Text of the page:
All of Beth Lambert's recent successes are finally going to her head. She thinks she's a shoe-in to win a prominent local award for leadership, and the acceptance speech she's prepared shows just how prideful she's become. When Beth doesn't win and her next big project goes all wrong too, leaving the whole town mad at her, she feels the need to get away and start over. She moves to the next town to temporarily live with her grandmother to escape the humiliation. This time, she's determined to be the best follower anyone can be, but what she doesn't realize is that she has a true gift for leadership that can't be hidden away. People need Beth and her irrepressible energy for making things happen, but first Beth has to figure all this out and come to terms with the fact that being a true leader is more than just bossing others around.
While Philip Hall Likes Me, I Reckon Maybe, the first book of the Philip Hall series was a LOL funny book, Get on out of Here, Philip Hall takes a somewhat more serious turn. It's not nearly as serious as Bette Greene's YA novels, but there are still some important messages to be gleaned from it's pages. Beth Lambert, the protagonist and first person narrator of the story is a born leader, who in this volume allows the successes she enjoyed in the previous book to go to her head a little too much. She experiences first-hand the saying, "Pride goeth before a fall," when she becomes so puffed up with pride that she doesn't know how to handle it when she's no longer winning at everything. At this point, she moves to her grandmother's house in a different town for a little while to escape the humiliation she feels at everyone in her tiny town witnessing her failures. There she finds renewed purpose and is able to get her mojo back.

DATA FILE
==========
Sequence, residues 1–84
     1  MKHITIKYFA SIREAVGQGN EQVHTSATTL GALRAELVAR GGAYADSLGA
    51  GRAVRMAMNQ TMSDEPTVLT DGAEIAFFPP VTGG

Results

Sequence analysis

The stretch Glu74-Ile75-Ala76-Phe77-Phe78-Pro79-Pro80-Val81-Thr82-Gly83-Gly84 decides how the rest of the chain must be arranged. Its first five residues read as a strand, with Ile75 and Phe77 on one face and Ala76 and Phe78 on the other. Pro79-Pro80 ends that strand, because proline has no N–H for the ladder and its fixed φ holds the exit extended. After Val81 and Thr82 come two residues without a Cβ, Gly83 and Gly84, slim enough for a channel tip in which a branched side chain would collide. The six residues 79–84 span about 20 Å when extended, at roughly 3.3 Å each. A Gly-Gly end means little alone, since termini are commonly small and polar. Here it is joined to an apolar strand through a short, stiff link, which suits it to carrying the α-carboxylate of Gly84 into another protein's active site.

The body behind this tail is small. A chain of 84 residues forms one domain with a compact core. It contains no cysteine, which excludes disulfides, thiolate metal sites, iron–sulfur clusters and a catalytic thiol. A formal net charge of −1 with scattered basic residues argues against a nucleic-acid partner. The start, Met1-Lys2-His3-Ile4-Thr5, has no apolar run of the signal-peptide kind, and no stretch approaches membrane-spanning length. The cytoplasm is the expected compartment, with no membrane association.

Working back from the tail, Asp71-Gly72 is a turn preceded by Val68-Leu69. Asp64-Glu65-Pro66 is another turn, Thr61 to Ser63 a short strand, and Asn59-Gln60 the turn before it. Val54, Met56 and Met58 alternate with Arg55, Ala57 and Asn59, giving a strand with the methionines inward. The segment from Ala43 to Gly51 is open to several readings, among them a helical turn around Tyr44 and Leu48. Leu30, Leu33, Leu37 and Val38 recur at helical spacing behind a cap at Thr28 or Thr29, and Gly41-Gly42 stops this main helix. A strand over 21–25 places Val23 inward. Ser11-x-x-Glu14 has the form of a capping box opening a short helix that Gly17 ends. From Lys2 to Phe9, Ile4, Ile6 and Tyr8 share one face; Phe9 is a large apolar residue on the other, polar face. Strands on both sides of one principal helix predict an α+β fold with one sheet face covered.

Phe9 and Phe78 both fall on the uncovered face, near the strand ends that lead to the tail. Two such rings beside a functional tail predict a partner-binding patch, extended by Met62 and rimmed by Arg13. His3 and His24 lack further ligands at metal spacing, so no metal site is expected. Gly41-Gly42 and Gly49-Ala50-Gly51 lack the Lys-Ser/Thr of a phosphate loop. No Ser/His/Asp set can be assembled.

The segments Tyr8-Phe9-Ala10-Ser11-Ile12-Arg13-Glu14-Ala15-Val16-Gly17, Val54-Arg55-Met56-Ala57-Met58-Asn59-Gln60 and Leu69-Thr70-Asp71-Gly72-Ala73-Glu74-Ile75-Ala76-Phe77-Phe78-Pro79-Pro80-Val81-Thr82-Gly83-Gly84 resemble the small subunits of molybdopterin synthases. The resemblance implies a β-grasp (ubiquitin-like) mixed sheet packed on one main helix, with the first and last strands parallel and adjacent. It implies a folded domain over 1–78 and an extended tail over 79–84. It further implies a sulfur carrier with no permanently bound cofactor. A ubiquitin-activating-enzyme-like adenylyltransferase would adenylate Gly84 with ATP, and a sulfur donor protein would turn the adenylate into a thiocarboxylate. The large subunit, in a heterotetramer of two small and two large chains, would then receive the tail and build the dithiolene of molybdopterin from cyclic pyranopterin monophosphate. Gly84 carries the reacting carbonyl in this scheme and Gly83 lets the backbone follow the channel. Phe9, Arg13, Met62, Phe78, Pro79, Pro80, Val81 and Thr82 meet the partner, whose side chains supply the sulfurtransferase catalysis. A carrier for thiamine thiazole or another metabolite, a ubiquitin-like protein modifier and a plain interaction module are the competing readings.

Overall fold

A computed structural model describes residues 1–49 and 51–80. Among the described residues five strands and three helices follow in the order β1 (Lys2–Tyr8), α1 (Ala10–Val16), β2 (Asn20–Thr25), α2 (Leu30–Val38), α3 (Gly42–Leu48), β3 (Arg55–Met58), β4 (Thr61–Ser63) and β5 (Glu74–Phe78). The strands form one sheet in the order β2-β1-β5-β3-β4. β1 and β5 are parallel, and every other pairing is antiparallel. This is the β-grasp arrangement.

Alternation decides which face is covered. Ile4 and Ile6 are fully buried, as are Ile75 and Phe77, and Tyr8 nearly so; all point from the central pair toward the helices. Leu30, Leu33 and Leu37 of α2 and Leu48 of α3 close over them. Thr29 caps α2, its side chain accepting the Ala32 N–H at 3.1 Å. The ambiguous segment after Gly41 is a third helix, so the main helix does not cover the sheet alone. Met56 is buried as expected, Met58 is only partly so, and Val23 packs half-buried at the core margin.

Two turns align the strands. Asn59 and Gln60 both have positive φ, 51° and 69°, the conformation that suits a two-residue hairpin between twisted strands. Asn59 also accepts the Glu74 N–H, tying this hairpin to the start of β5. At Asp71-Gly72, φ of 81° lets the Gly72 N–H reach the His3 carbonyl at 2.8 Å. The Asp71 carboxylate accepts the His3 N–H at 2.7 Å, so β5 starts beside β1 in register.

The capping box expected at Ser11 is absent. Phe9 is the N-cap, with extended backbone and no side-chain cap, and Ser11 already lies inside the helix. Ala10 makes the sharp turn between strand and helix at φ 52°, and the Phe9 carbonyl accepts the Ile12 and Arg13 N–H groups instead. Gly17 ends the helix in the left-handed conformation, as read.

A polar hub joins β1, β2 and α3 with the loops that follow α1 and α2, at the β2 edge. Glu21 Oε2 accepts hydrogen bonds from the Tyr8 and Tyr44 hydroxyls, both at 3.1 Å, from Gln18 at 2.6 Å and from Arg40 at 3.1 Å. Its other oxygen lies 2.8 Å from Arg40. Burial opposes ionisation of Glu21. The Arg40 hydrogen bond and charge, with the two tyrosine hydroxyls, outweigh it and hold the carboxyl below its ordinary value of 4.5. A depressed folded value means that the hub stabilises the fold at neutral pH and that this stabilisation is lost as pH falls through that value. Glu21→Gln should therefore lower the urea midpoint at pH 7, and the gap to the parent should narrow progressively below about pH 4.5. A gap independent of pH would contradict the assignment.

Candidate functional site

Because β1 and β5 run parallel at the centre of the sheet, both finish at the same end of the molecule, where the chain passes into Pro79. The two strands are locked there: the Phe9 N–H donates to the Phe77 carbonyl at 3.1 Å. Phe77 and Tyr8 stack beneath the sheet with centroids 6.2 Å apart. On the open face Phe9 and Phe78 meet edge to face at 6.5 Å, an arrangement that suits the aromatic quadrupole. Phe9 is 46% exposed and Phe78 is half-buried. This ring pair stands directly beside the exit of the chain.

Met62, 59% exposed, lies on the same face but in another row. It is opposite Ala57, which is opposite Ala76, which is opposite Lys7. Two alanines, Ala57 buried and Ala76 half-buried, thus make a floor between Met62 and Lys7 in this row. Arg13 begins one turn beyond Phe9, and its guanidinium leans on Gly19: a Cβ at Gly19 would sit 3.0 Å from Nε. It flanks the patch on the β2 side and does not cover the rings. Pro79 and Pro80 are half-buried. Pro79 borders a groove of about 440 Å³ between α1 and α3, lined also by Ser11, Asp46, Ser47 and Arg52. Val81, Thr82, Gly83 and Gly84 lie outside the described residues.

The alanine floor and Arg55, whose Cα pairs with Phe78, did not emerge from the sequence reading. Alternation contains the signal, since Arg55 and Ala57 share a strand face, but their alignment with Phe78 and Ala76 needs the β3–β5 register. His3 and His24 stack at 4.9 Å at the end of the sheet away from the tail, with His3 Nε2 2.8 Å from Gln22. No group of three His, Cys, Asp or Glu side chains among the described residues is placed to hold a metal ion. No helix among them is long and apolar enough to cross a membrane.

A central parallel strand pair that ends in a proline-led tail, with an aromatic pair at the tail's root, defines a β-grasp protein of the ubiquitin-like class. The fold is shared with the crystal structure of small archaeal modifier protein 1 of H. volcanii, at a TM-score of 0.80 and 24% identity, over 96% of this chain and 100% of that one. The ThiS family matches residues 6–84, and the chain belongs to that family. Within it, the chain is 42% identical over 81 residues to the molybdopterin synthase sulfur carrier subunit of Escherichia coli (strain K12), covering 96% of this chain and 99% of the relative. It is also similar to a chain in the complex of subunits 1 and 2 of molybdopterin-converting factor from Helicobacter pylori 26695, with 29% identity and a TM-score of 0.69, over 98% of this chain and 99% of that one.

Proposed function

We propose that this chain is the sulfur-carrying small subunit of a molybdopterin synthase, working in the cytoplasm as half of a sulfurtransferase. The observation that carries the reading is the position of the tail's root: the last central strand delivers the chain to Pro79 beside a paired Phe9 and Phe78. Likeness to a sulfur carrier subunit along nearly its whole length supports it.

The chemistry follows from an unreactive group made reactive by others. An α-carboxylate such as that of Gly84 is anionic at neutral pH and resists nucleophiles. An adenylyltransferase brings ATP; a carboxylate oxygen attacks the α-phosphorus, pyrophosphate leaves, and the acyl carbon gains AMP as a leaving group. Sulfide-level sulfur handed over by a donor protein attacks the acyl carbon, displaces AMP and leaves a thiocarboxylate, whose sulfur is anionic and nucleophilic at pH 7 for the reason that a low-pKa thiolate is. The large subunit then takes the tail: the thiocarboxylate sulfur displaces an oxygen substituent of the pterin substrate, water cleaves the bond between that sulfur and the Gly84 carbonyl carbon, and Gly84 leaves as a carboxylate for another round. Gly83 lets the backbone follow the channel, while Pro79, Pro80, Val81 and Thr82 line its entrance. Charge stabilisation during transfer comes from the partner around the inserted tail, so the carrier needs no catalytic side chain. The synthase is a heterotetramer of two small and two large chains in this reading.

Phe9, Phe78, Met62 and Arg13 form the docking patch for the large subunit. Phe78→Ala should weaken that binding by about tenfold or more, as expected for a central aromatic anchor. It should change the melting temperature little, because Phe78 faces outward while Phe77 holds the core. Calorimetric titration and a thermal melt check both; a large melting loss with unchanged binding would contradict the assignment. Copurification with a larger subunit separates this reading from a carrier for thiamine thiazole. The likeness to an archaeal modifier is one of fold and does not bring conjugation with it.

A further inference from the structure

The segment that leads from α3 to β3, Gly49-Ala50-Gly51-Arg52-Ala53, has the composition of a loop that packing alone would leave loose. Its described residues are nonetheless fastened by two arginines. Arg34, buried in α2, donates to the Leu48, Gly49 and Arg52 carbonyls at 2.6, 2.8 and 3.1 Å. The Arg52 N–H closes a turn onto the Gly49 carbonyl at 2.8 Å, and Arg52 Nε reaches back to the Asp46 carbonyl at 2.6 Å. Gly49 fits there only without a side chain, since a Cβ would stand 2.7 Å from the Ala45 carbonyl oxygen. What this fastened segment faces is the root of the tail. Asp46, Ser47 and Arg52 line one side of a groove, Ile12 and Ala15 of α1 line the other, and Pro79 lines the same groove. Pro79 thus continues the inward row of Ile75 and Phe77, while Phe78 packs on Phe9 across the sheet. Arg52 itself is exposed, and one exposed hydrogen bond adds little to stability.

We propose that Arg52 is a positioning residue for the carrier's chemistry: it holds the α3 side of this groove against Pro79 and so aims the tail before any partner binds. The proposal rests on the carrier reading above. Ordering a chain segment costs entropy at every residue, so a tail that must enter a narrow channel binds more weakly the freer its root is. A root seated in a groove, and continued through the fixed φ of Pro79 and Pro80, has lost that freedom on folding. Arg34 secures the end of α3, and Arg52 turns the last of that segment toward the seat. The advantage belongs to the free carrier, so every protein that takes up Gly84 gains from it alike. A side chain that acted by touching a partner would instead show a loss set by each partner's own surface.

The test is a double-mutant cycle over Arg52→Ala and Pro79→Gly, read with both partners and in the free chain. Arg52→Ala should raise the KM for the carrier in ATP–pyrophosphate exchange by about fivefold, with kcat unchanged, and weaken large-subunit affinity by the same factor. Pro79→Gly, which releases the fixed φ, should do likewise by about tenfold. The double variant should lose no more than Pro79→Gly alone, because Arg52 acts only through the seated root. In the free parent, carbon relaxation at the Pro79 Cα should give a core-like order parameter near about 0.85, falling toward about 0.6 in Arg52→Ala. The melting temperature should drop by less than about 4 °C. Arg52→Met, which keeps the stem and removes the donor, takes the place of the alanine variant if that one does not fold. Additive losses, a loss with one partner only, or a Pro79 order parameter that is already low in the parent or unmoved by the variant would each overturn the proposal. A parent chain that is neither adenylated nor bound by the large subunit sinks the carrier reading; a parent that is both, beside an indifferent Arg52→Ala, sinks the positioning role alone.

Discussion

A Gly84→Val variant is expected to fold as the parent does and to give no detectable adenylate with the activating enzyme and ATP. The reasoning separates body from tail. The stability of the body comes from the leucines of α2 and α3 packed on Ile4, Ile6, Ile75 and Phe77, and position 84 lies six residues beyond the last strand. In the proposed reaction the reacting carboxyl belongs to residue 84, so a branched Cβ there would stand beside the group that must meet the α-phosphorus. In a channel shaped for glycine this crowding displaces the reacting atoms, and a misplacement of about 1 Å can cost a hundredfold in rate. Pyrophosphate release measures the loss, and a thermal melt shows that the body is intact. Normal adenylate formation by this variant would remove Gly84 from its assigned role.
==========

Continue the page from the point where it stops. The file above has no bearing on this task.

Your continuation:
Readers may find the prideful Beth a tad annoying, but I think that's the point of the story. She had to be taken down a peg so that she could learn how to be more humble in order to find her place in the world again. It's very difficult to truly serve others when you think too much of yourself and this is something she figures out as the story progresses. Not only does she learn a lesson about overblown pride, but she also learns that you need to embrace your God-given gifts. Beth has a gift for leadership, but she first let her own vanity get in the way of being a good leader, then she basically ran away from it when faced with harsh criticism. She decides she's going to be the best follower ever, but soon learns that this is not her strong-suit in the least. People need her to step up to the plate and lead, because without her they're lost. All throughout the story Beth is supported by her loving family who gently guide her in the right direction while allowing her the space she needs to learn and grow on her own. And of course in the background, we have Beth's friendship and sweet childish romance with Philip Hall, who also happens to be one of her chief rivals.
Overall, Get on out of Here, Philip Hall is another enjoyable read from one of my favorite authors. The only reason I dropped a half-star is because the early parts of the book weren't quite as engaging to me as some of the author's others, but it definitely picked up as Beth starts to figure things out for herself. I found it be wholly appropriate for the late elementary/middle-grade audience at which it's aimed, and I would very much recommend it for those age groups. It certainly presents some important truths that kids would do well to heed, and I think they could learn a lot from reading it.
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